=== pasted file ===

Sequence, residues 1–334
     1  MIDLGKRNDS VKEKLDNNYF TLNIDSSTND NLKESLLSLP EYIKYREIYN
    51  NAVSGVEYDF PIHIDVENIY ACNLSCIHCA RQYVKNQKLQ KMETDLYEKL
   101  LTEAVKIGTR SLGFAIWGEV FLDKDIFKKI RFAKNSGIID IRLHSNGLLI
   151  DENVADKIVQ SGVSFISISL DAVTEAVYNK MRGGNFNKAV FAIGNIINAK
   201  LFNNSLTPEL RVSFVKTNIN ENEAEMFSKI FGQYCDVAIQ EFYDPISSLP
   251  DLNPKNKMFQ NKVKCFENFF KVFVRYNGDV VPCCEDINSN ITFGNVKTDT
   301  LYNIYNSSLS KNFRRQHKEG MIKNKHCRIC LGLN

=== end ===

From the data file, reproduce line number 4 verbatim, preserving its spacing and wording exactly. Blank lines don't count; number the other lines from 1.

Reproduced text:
   101  LTEAVKIGTR SLGFAIWGEV FLDKDIFKKI RFAKNSGIID IRLHSNGLLI